Thursday, December 8, 2011

Stay Creative Every Day, Tip #3

I've always loved that ancient joke about how to get to Carnegie Hall:  practice, practice, practice.  But sometimes practicing can be difficult or boring, especially when you're not feeling particularly motivated to just sit down and repeat the same old thing over and over.  Which is why I strongly believe that every time you read a how-to book, it's a good idea to:

Tip #3:  Do the exercises!  (Even the ones you don't like.)

Here's my top reasons why:
  • The exercises have been designed to help you step-by-step.  If you do them, you really will improve your skills.
  • They're much cheaper than the tuition and travel expenses of taking a workshop--and easier too.  You can wear your pajamas if you feel like it!
  • Exercises can help you to create--and stick with--a dedicated creativity schedule.  You choose the best time of day or night to take your private class.
  • You never have to worry about what to write or paint next.  Doing your exercises eliminates the blank page or empty canvas forever.
  • Doing an exercise you don't like, or at least some of it, helps you to understand what it's like working freelance or under editorial direction.
  • Exercises force you to explore and get out of your comfort zone.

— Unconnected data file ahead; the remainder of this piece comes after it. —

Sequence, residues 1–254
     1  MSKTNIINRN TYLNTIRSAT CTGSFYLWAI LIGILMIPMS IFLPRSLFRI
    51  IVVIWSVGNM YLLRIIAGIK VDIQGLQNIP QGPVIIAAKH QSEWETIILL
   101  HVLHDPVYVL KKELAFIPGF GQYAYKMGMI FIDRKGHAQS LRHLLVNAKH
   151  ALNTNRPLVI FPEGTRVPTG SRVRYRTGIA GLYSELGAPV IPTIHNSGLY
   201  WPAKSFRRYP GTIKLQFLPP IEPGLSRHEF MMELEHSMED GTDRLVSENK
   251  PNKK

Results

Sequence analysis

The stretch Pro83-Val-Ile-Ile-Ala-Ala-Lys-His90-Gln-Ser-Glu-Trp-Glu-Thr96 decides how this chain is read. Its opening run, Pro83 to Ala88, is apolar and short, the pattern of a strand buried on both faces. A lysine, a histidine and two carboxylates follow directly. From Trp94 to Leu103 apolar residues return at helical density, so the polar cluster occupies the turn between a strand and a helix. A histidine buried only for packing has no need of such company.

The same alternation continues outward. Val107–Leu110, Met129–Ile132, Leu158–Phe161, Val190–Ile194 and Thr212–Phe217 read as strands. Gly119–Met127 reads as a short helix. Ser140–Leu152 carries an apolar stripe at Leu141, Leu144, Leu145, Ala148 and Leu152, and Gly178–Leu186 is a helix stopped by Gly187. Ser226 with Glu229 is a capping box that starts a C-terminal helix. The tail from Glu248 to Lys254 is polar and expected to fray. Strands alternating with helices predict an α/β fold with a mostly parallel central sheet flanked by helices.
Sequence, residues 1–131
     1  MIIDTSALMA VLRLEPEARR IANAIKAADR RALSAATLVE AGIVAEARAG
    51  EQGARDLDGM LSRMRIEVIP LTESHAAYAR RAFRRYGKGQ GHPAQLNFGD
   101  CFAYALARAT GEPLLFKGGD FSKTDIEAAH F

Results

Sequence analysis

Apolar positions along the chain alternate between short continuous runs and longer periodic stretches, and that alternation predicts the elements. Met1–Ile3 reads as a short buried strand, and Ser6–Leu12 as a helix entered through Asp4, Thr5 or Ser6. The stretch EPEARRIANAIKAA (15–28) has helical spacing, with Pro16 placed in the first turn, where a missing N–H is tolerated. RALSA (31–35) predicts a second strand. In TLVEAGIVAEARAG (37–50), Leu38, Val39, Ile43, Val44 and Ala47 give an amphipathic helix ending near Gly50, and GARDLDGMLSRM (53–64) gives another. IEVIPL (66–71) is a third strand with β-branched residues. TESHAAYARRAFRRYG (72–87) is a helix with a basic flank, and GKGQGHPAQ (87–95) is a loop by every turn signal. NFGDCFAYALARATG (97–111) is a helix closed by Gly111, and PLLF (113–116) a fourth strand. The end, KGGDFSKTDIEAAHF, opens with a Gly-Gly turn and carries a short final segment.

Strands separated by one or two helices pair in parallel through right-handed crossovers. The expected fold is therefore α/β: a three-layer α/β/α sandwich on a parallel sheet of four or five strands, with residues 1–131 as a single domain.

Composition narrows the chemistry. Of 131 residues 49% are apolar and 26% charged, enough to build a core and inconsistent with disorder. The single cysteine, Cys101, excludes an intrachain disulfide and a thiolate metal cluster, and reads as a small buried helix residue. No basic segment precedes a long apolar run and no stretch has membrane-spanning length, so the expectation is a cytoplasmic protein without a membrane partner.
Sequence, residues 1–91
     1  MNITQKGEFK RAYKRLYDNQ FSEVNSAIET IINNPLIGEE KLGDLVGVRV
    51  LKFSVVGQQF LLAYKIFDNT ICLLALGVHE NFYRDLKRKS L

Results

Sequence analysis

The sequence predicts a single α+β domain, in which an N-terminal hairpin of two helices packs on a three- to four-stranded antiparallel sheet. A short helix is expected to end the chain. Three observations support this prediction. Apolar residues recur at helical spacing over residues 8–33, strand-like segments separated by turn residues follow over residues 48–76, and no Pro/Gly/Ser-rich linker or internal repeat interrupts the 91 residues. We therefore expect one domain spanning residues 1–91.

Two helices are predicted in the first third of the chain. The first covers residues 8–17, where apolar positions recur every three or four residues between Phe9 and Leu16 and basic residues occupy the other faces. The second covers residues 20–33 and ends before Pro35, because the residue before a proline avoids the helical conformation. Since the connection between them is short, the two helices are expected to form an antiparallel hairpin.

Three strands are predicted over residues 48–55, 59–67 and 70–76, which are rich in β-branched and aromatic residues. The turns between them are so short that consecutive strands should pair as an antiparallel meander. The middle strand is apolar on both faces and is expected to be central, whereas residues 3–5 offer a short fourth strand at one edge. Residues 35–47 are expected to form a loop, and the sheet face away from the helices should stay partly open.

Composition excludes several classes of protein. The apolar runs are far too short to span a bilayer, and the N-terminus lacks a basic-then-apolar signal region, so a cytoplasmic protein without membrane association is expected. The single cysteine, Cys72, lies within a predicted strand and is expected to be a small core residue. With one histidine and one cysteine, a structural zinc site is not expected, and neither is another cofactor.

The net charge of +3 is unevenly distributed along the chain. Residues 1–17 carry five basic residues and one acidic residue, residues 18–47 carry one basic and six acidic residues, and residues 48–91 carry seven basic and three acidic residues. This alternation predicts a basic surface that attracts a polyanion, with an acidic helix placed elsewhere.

• And you might like them more than you thought you would once you're finished.
  • Which might also give you a whole new direction for your creative work, one you never considered before.
  • Often an exercise can expand into a published or salable piece of work.
  • Just like changing a recipe, it's fun to tweak an exercise, adding your own touches and giving it a unique, personal twist.
  • You can take exercises to your writing groups.  The exercises can be the foundation of "assignments" for your group to do in-between meetings, or they can be used for freewriting sessions together at the actual meetings.  They can even be the reason a group meets.
  • Completing a series of exercises is an excellent way to build your confidence and rack up your creative achievements.  You can say to the world:  "See?  I stuck with it and (wrote, painted, learned to play a musical instrument, made a new dinner set, opened an etsy jewelry store).  I did it--and I can do much more in the future too!"
Tip of the Day:  Once you've finished a series of how-to exercises, do them again.  Not only will you have an entirely new perspective the second time around, but you'll have a stronger set of skills to use as well.

For a free PDF on the full 12 Ways to Stay Creative Every Day and to hear my accompanying web radio interview with Dr. Doris Jeanette, just click here.  Thanks and happy creating!


Anonymous said...

great tip. you're motivated me to set aside creative time on a regular basis. and even, perhaps, to include family members and friends.

jazzyjinx said...

fantastic tips. gives me a new way of looking at those exercises in all the how-to books I have on my shelves. might stop doing it "my way" for a while.

LadyD said...

Great tips, thank you. Perfect for this time of year or anytime really.
Merry Christmas!

Chris said...

Excellent tips! So true about the clothing, too. Even when I'm home by myself, locked in my writing room, I feel more positive when I'm not wearing my gardening clothes.Excercise is probably the bane of numerous writers. We forget to get up, stretch, and move around. Then we grow stiff and tubby. Not good for the morale. Have a great, creative year in 2012 Valerie!